One of the big questions before heading out on this journey was how big costs to expect. Various internet forums and other blogs suggested a budget frame of around 10-20 USD per day and person depending on country and type of accomodation. We had no clue if those figures were realistic or if we would be able to stick to such a budget. Out of curiosity we decided to note all our spendings in order to follow up on it afterwards.
We have now gone through all our notes and can conclude that our total spending is slightly below 12.500 USD. The trip lasted 280 days including restdays and that means we have spent 44.5 USD per day together or 22.2 USD each.
A return ticket from Göteborg to Bangkok usually costs around 8000 SEK or 1200 USD. Our total costs for the cycling trip was roughly the same as the price of 10 individual return flights to Bangkok. Or if you put it in another way – cycling here together cost us the same as flying here together 5 times. Guess what we think has given most bang for the buck…. 😉
The chart below shows how the total cost were split among our different “accounts”.
The purpose of this blog post is to try to give a picture of how our costs for the 9.5 month long journey were distributed and we do hope it will be of some help to other cyclists who are in the planning phase. Before digging deep into the figures for each country it is necessary to give some relevant background facts.
Wej and I are in our mid-forties, have no kids and have worked for a very long time. This means that we have been able to allow ourselves a rather generous budget, or to be correct – we didn’t really have a budget, we used some of our savings and our only concern was to not spend all of it…. 🙂
As can be seen above accomodation and food have been our highest cost and thus need to be elaborated on. One important thing to note is the ratio between paid vs unpaid nights that didn’t really turn out like we had planned to. Why it turned out this way is discussed in the sections below.
Our expectations was to ride in sub-zero temperatures for maximum 3-4 weeks before the arrival of spring and then we hoped to enjoy warmer weather. We thus made the strategic decision to only bring a light tent and summer sleeping bags which meant that we had to stay at cheap hotels or guesthouses until night temperatures were above 3-4 degrees. Unfortunately the winter of 2013 in central Europe was extremely cold and we coulnd’t start camping until we reached Bulgaria.
We have done a few more longer stops than we had first planned. We stopped for about a week in Istanbul, Batumi, Tbilisi (due to injury), Osh, Chengdu (visa extension) and Kunming with 3-4 day stops in Baku, Sary Tash and Hami. During most of those stops we stayed either in hotels or hostels.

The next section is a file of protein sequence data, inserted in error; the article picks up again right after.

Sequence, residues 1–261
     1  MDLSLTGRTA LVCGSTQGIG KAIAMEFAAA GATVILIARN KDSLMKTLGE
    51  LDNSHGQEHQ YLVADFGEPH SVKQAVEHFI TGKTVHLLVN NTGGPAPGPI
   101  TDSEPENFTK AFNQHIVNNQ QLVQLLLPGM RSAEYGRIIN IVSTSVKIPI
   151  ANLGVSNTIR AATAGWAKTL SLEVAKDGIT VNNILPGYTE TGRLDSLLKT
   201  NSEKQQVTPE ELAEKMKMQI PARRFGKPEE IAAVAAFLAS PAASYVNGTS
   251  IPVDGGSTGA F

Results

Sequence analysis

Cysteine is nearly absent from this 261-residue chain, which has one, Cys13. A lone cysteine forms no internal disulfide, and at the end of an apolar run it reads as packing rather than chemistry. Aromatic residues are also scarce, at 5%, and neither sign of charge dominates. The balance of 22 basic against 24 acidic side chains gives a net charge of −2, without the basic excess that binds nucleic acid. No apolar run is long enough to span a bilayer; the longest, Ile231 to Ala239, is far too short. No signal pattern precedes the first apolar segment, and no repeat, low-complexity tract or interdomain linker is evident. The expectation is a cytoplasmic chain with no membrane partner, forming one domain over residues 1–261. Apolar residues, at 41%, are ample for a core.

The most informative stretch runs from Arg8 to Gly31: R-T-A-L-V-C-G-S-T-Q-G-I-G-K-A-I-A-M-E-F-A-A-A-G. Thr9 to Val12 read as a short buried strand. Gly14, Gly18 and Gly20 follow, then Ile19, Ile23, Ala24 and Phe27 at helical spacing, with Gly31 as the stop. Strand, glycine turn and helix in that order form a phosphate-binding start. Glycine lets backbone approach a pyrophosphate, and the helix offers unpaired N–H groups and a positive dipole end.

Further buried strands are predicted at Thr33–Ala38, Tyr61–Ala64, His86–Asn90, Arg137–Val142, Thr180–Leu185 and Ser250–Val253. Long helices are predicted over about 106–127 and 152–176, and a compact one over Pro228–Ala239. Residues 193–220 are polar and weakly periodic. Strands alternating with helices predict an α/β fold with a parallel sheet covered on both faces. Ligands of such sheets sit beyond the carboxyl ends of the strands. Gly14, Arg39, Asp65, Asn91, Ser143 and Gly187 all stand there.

We don’t mind to stay in lousy guesthouses or camp behind a bush 10 meters beside the road, but since we haven’t had a too tight budget we have also sometimes allowed ourselves to opt for more expensive hotels with high standard rather than always going for the cheapest available option.
In Uzbekistan the rules requiring foreigners to register with the authorities by checking in at hotels forced us to stay more often at hotels and guesthouses than we actually would have preferred to.
We are both very interested in local food culture which has meant that we have eaten more often at restaurants than what has been necessary. Of course we could have saved a lot of costs here, but to travel is to eat and we never wanted to cut back on trying interesting local cuisine.
We have noted all our costs for what we have consumed. In the early part of the trip we spent a lot of money on coffee at central european gas stations. After a month or so we understood that we should split prepared food that we buy in restaurants from snacks and drinks we buy along the road and stuff we buy in stores to cook by ourselves. This means that the pie chart below isn’t completely trustworthy and is a bit biased, but as anyone can see, there is a lot of money to save by not being too interested in local cuisine 😉
Take a look at the chart below showing the average daily spending in each country. We have cut out things such as when we bought new equipment for our camera in Bulgaria and the tickets to the ferry rides across the Baltic and the Caspian Seas. Our two home countries, Sweden and Thailand, were the cheapest but that is mainly due to the fact that we have so many wonderful friends in those countries. The very high average for Azerbaijan was due to a short stay and a high visa fee and lots of taxi rides across the city of Baku to collect other visas. If we would have had to wait for the ferry for a couple of more days the average daily spending in Azerbaijan would have dropped significantly.
COUNTRY BY COUNTRY
Below you will find a few charts for each country. They will show the ratio of paid vs. unpaid nights and the distribution between nights we have been invited to someone, camping, staying in hotels or guesthouses. Remember that the pie charts show the average cost for accomodation split on all nights in each country including nights when we have camped which brings down the average. As a service and clarification I will under the notes for each country also tell our average cost for each paid night.